Earlier this spring I took vows to enter the pathway of Kadampa Buddhism. I discovered their mediation center right after 9/11. I was wrecked and attending meditation class just made me feel better. So the past 13 years I would drop by, go to classes go to their retreat center upstate. I love that it’s a place that is beautiful, good food, and kind people. I was raised as a Jehovah’s Witness and am very suspicious when it comes to any religion so I always kept the Kadampas at arm’s length. Taking the vow was a big deal for me.
A few weeks after I did it, the shootings in South Carolina happened I went to the center seeking comfort…although it was a nice meditation…I left feeling empty.
I’ve been visiting my family, who are still Jehovah’s Witnesses this summer. (I am Not a JW. I left when I was 19) My family, like many in America, watch cable news. Now that my parents are both retired, when they are not out preaching from door to door, going to their 5 weekly religious services, attending “gatherings”, baby showers, anniversary parties, retirement parties, weddings, funerals…(I could go on and on..they are never home) they have CNN or MSNBC on the TV.
The news allows them to witness the worst behaviour humanity can offer on a daily basis. This justifies the JW’s religious belief that Armageddon is coming soon. If, at any time, they are “witnessing” to other “non belivers” JW’s are up to date with current events in order to win philosophical religious conversations and share their idea of a message of hope to people who feel hopeless because of current events.
I’ve been a unknowing spiritual seeker since I left the JW’s when I was 19. Every time I find a new spiritual practice, I step away when I see the judgment creeping in. Whenever a practice says that they have “the truth” or have “the only way” or “the right way” I feel really uncomfortable.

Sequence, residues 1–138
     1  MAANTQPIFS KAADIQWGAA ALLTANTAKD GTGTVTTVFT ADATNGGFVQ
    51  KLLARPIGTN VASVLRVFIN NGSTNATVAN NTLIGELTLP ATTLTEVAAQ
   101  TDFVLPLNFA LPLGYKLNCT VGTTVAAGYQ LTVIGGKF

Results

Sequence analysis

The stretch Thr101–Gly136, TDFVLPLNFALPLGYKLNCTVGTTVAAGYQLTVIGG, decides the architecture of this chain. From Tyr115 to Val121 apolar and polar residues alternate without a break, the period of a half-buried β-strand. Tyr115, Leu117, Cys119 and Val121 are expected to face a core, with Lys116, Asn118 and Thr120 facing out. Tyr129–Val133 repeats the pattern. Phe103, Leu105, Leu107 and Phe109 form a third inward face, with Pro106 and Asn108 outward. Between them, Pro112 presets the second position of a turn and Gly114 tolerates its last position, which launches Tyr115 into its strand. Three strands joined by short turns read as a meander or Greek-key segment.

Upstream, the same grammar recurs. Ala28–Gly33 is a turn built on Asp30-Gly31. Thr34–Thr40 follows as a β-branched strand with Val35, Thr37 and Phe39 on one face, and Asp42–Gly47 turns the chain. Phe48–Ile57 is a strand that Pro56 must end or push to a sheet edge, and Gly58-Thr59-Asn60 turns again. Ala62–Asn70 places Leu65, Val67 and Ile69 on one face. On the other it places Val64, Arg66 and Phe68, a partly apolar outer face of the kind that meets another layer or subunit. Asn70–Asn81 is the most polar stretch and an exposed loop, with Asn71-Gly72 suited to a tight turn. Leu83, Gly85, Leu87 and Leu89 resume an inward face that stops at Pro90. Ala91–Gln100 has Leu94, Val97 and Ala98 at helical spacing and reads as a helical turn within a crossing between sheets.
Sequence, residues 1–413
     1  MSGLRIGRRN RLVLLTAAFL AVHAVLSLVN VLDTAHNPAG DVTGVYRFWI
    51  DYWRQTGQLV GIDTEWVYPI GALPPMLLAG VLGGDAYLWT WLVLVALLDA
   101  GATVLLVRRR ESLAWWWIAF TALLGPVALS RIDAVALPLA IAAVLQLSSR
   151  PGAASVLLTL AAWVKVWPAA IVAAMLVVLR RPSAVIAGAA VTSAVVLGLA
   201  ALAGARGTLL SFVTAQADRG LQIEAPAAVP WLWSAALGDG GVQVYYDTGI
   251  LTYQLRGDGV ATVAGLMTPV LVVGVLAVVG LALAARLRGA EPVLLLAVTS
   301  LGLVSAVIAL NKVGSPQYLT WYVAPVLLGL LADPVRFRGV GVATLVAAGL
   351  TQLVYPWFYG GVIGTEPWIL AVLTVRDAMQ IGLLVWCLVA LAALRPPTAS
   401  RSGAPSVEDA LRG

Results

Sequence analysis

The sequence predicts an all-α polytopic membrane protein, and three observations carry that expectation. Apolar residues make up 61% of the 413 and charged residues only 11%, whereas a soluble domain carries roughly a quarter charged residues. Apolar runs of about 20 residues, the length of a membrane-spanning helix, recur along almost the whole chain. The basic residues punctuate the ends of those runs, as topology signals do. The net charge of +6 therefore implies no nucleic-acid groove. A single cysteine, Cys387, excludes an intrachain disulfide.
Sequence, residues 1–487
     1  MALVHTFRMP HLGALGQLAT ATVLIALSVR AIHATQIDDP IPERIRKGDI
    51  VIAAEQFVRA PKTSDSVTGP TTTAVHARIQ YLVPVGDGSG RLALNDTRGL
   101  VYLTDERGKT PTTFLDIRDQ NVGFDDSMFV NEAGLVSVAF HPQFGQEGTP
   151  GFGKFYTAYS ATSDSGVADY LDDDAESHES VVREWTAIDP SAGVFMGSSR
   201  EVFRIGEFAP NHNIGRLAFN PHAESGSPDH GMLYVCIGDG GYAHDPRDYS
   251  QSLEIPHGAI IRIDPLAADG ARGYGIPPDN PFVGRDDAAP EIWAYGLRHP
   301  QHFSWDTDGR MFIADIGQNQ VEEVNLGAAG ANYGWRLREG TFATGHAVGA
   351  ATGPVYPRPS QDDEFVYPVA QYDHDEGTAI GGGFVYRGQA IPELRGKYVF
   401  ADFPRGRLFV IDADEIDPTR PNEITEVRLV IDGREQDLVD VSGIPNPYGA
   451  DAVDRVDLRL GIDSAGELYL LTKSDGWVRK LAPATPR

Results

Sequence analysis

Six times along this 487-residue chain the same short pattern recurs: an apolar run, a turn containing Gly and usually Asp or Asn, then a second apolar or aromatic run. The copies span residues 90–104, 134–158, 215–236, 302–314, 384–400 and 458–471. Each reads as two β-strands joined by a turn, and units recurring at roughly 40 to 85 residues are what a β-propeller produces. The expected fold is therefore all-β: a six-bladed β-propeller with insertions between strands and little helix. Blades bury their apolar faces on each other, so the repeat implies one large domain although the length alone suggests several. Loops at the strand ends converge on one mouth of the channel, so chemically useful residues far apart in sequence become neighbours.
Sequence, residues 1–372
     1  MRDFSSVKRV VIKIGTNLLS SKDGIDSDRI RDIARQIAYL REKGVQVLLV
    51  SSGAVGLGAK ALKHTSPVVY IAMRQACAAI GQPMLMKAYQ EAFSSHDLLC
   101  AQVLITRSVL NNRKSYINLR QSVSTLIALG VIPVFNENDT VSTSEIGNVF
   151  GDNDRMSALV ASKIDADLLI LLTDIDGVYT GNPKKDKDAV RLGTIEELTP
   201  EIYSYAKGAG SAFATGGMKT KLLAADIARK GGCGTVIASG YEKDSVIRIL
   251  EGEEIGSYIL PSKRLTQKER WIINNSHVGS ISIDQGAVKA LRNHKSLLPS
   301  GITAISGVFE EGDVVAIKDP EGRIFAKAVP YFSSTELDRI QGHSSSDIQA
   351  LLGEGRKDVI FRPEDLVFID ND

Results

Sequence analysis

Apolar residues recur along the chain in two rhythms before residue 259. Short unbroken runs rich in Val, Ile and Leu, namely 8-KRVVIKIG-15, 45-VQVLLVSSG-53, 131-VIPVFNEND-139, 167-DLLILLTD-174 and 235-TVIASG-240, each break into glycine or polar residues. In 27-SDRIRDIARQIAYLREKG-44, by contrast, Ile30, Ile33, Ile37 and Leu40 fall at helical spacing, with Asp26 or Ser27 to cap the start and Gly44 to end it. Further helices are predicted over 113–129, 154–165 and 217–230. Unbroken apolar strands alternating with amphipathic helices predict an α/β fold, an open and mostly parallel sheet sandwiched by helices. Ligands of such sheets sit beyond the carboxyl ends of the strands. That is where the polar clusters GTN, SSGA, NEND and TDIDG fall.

When the shootings in the church in Charleston, SC happened I felt really afraid. I wanted to look outside myself for an answer, or comfort. When I witnessed the towers fall from my neighborhood in the West Village, I felt the same need.
But as I experience the day-to-day reality of secular religions I know that they are not for me.
I love the meditation practice I’ve developed since becoming more involved with Kadampa Buddhism, but they protest the Dali Lama. I mean, it feels really weird seeing a group of predominantly white people who have taken the tradition of brown people, made it their own, then turn around and protest the main brown man of the religion.
As a child, I loved the fact that Jehovah’s Witnesses were born from the abolitionist movement. I grew up in an emotionally gated community created by my parents and religion where all men were equal and I called and truly believed everyone in the religion, all colors were sisters and brothers. But I did not like the judgmental dysfunction of a religion where women’s voices are considered to be less than, higher education is discouraged, and the LGBT community is considered to be less than. They think they have the truth.
Every religion has this beautiful way to connect their members to their higher selves and live in loving communities while at the same time believing that they are the chosen people and everyone who is not in their religion…is wrong.
The Arabs and the Jews are cousins killing one another. Christianity has been used to steal land, enslave societies, restrict women and justify madness. Every religion has had some sort of child sex abuse happen under their watchful eyes. Orthodox Jews and Evangelical Christians stand on street corners trying to recruit as many people to their team while condemning the “sinners” who will be destroyed.
What if everyone is right. What if Arabs, Christians, Jews, Buddhists, Atheists are all right in their own mind. What if God is Jehovah, Allah, Yahwe, Obatala, Oshun, Aphroditie,and Thor?
I mean think about it, we all don’t want to eat the same food, wear the same clothes and live in the same neighborhoods right? What if, it was okay for everyone to have their own way of believing and give others the right to be right as well.
Why is it that one person’s being right has to mean another persons being wrong?
The beauty of the idea of America is that we all do have the freedom to believe or not believe as we see fit. What if we could actually live that belief?
PS: Organized religion… not for me. Now, I’m looking into Secular Humanism. We shall see.:)